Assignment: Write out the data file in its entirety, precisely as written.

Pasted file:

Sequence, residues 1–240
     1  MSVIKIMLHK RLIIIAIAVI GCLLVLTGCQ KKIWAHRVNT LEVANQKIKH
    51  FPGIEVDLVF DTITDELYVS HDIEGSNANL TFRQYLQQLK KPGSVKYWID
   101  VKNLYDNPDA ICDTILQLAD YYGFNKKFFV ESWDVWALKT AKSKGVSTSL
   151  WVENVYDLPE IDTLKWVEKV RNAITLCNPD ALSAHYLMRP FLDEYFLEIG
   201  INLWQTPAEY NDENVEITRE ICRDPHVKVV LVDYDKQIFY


Sequence, residues 1–240
     1  MSVIKIMLHK RLIIIAIAVI GCLLVLTGCQ KKIWAHRVNT LEVANQKIKH
    51  FPGIEVDLVF DTITDELYVS HDIEGSNANL TFRQYLQQLK KPGSVKYWID
   101  VKNLYDNPDA ICDTILQLAD YYGFNKKFFV ESWDVWALKT AKSKGVSTSL
   151  WVENVYDLPE IDTLKWVEKV RNAITLCNPD ALSAHYLMRP FLDEYFLEIG
   201  INLWQTPAEY NDENVEITRE ICRDPHVKVV LVDYDKQIFY